Browsing Child & Youth Studies by Subject "Executive functioning"
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Do verbal reminders improve preschoolers’ prospective memory performance? It depends on age and individual differencesWe examined the effect of verbal reminders on 4- to 6-year-olds’ prospective memory (PM). Reminder type interacted with age to affect PM performance. Children with better retrospective memory had better PM in the retrospective reminder condition. Children with better executive control had better PM in the executive reminder condition. Prospective memory (PM) involves both a retrospective memory component (i.e., remembering the content of a future intention) and a prospective component (i.e., detecting the appropriate cue and carrying out that intention). The current study was the first to test the effect of a single verbal reminder on 4- to 6-year-olds’ PM performance. Children were randomly assigned to: (1) a reminder about the content of an intention (retrospective memory reminder), (2) a reminder to pay attention (executive reminder), or (3) no reminder to test the predictions of the Executive Framework of PM Development (Mahy et al., 2014b) that posit a key role for executive function in PM development once retrospective memory reaches a sufficient level. Children also completed independent measures of retrospective memory and executive control. We predicted that an executive reminder should help children’s PM by increasing cue detection, whereas a retrospective memory reminder should not affect PM because by 4 children should be able to encode and store simple future intentions. Results showed that: (1) PM performance improved with age, (2) age interacted with the reminder condition, and (3) children with better executive functioning had better PM after receiving an executive reminder. These results suggest that age and individual differences play an important role in the impact reminders have on children’s PM performance.
How and where: Theory-of-mind in the brainNeuroscience has the potential to address accounts of theory-of-mind acquisition. Review of the research on the neural basis of theory-of-mind in adults and children. Future research directions include microgenetic and training fMRI studies. Theory of mind (ToM) is a core topic in both social neuroscience and developmental psychology, yet theory and data from each field have only minimally constrained thinking in the other. The two fields might be fruitfully integrated, however, if social neuroscientists sought evidence directly relevant to current accounts of ToM development: modularity, simulation, executive, and theory theory accounts. Here we extend the distinct predictions made by each theory to the neural level, describe neuroimaging evidence that in principle would be relevant to testing each account, and discuss such evidence where it exists. We propose that it would be mutually beneficial for both fields if ToM neuroimaging studies focused more on integrating developmental accounts of ToM acquisition with neuroimaging approaches, and suggest ways this might be achieved.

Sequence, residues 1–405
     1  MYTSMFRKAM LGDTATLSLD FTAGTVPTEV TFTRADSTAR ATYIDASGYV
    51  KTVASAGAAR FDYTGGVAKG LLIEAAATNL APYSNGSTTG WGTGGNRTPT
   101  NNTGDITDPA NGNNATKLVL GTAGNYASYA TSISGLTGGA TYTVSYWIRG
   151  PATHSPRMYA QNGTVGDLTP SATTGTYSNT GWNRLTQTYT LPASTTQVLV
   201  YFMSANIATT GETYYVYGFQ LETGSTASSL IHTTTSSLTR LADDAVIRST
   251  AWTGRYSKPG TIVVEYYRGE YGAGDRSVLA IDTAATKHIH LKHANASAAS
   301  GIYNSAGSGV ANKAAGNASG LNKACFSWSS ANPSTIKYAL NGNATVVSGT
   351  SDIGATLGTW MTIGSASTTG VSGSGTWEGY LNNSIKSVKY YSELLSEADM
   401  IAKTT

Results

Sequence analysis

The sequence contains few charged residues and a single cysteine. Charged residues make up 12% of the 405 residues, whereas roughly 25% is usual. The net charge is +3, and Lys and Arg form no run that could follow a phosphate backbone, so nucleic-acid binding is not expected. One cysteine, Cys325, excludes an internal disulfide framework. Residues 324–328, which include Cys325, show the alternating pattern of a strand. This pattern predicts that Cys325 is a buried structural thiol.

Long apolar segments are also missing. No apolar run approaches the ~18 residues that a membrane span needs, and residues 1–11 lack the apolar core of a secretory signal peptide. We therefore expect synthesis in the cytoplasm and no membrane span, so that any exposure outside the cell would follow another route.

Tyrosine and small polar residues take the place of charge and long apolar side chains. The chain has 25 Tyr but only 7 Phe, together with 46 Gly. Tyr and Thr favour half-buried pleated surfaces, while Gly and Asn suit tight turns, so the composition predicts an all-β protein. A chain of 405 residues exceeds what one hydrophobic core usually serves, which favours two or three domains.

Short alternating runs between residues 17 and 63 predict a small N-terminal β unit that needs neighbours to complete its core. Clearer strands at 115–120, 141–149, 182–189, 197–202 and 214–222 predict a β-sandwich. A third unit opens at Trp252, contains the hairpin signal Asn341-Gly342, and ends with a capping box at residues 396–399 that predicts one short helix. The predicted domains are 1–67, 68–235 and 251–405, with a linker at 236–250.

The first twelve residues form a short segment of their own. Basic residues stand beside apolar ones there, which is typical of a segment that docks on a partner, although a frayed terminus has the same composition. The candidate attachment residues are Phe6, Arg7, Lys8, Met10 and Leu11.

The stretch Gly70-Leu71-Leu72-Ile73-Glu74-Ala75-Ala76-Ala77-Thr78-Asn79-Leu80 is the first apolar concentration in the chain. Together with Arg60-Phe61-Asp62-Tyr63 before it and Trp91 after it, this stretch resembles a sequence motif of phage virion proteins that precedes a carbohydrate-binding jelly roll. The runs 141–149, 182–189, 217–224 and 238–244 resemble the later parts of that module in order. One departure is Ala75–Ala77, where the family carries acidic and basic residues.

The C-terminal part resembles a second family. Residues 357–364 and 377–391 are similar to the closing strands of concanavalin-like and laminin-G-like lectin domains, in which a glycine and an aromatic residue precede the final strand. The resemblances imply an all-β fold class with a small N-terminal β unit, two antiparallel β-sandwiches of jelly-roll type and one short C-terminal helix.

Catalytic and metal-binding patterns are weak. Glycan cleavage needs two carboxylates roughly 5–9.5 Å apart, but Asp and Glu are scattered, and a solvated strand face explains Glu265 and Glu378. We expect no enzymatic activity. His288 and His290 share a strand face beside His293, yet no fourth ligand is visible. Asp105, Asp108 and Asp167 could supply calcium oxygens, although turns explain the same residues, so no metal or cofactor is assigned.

“I’ll remember everything no matter what!”: The role of metacognitive abilities in the development of young children’s prospective memoryYoung children made prospective and retrospective memory predictions and postdictions. Children’s prospective memory postdictions were influenced by task difficulty. Children’s metacognitive monitoring was related to prospective memory predictions. With age, children’s metamemory judgements became more accurate. Overall, 4- to 6-year-olds are optimistic in their memory predictions and postdictions. Prospective memory (PM), the ability to remember to carry out future intentions, is a critical skill for children’s daily activities. Despite this, little is known about young children’s awareness of their PM ability (metamemory), how metamemory is affected by PM task difficulty, and how metacognitive abilities might be related to metamemory. The current study examined the effect of task difficulty on children’s PM predictions, actual performance, and postdictions and relations among episodic memory metamemory, metacognitive control, and executive functioning. Children aged 4 to 6 years (N = 131) made PM predictions, completed an easy or difficult PM task, and then made PM postdictions. Children also made predictions and postdictions for their performance on an episodic recall task and then completed an independent measure of metacognitive control and two measures of executive function (working memory and inhibition). Results showed that (a) children’s PM increased with age and was worse in the difficult PM task condition, (b) PM predictions and postdictions did not increase with age and only PM postdictions were affected by PM task difficulty; (c) children’s PM and episodic recall predictions and postdictions were more accurate with age, (d) children’s PM postdictions best predicted PM performance, whereas predictions best predicted episodic recall task performance, and (e) children with better metacognitive control had better PM and more accurate PM predictions. These results are discussed in terms of young children’s optimism surrounding their memory performance and the emergence of early metacognitive abilities.